Media releases

March 5, 2015

Tackling addiction, unhealthy habits and fear through holistic health program

Overcoming addiction, elevated self-esteem, weight loss and healthier lifestyles were among some of the remarkable results achieved by two, 10-week ‘boot camps’ for LGBTI community members in the Brisbane region.

The free OUTfit! Project boot camps founded by the Queensland AIDS Council were made possible by the Medibank Community Fund (MCF) who provided the charity with a $10,000 health and wellbeing grant last year.

More than 60 people aged between 16 and 55 participated in the boot camps and the supplementary weekend workshops which taught people how to buy fresh produce and cook nutritious, healthy meals for one.

Gai Lemon, Director of Healthy Communities Program at Queensland AIDS Council said the project aimed to address a serious health need in the LGBTI community.

“LGBTI people experience a range of health and wellbeing issues such as obesity, low-levels of exercise and poor nutrition disproportionately to the wider community. We’re passionate about proactively tackling these health issues and our MCF funded boot camps were a way we could make a serious difference in the lives of participants”, said Ms Lemon.

There were a number of positive outcomes that came out of the boot camps and workshops with participants not only experiencing weight loss but higher levels of confidence and overall happiness from being involved. A decrease in anti-social behaviours related to excessive alcohol consumption was also noticed along with a reduction in binge drinking and subsequent hang overs throughout the 10 week morning boot camp.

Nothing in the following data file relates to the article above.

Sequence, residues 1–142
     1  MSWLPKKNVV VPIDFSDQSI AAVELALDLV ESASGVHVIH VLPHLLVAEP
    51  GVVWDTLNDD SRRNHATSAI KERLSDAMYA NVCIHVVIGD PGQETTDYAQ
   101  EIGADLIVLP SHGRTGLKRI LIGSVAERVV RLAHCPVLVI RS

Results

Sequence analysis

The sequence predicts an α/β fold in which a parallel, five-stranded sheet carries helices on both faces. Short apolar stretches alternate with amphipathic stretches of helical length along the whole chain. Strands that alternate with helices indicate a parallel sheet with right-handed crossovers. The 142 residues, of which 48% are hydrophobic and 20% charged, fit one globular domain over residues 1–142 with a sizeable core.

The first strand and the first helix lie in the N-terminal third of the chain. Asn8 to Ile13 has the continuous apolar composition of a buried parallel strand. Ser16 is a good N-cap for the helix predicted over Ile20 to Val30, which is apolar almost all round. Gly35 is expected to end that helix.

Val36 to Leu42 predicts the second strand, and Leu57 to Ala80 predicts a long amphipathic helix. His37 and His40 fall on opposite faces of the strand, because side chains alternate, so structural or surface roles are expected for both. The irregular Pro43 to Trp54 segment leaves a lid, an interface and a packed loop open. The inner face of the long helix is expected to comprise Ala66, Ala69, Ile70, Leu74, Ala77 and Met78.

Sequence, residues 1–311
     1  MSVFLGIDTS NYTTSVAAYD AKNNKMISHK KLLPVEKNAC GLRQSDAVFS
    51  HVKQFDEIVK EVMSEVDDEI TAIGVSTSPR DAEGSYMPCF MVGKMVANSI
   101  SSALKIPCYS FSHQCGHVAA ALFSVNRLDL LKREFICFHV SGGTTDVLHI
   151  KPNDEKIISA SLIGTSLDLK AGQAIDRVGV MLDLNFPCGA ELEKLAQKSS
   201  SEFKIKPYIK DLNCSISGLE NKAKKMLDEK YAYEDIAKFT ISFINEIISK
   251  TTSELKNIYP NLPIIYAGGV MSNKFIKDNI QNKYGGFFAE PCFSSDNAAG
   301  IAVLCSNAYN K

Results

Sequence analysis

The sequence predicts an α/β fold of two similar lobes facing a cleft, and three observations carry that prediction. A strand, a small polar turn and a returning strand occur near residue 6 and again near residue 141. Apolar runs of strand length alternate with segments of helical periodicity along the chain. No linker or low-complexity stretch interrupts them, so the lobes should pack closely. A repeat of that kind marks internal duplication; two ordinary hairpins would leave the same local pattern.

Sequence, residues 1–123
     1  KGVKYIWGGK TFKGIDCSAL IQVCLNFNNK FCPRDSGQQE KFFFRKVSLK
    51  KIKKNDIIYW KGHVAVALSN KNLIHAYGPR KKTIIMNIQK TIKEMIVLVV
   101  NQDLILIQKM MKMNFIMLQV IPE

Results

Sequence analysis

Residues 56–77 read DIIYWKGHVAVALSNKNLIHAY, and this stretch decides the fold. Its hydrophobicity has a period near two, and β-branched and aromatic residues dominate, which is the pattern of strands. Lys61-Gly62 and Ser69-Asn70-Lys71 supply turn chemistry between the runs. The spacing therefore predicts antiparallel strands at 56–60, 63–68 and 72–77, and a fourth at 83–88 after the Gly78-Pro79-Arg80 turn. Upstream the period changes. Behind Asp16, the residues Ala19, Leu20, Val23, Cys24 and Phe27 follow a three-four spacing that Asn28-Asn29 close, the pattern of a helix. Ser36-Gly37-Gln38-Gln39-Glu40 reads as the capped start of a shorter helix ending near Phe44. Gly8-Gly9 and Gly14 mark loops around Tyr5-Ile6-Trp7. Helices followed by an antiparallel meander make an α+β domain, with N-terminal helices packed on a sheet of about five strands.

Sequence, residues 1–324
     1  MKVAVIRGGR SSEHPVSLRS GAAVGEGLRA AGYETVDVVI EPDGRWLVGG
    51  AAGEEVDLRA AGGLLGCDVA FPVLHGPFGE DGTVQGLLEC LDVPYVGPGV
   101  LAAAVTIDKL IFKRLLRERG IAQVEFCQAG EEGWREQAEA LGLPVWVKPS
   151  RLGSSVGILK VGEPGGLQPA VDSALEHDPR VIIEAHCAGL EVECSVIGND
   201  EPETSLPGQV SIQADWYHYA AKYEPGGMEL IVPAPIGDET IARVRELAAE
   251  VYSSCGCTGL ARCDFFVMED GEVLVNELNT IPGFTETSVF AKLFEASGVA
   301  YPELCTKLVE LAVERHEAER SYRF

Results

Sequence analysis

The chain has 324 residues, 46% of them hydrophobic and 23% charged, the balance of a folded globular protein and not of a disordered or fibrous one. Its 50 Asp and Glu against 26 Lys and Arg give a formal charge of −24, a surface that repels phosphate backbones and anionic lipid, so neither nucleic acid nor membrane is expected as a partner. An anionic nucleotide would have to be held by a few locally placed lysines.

“The project focused on gains in the lives of the participants since beginning the boot camp, rather than how many kilograms had been lost which really enabled participants to celebrate acquiring a confident and positive mindset. One person also celebrated kicking an addiction and finding support amongst newfound friends,” said Ms Lemon.

However, the project didn’t come without its challenges.

“There was a lot of unforeseen resistance to the term ‘boot camp’ with individuals feeling as though they were not up to the base level of fitness implied by the term and were scared off the program. One strategy used to tackle this was asking people to come along to watch an initial session, and subsequently to join in if they felt comfortable to do so which was really effective,” Ms Lemon said.

Laz Cotsios, Medibank Chief Customer Officer said the project took a holistic approach, teaching participants how to achieve and most importantly maintain a healthier lifestyle both physically and mentally.

“This is the first time we provided support to bettering the health and wellbeing of the LGBTI community through our Medibank Community Grants program and we are incredibly proud of the health outcomes that have come out of the boot camps in such a short period of time”, said Mr Cotsios.

“The Queensland AIDS Council shares our passion for better health and their project is a true expression of their commitment to creating healthier communities through inclusive, relevant, supportive and engaging wellbeing programs.”

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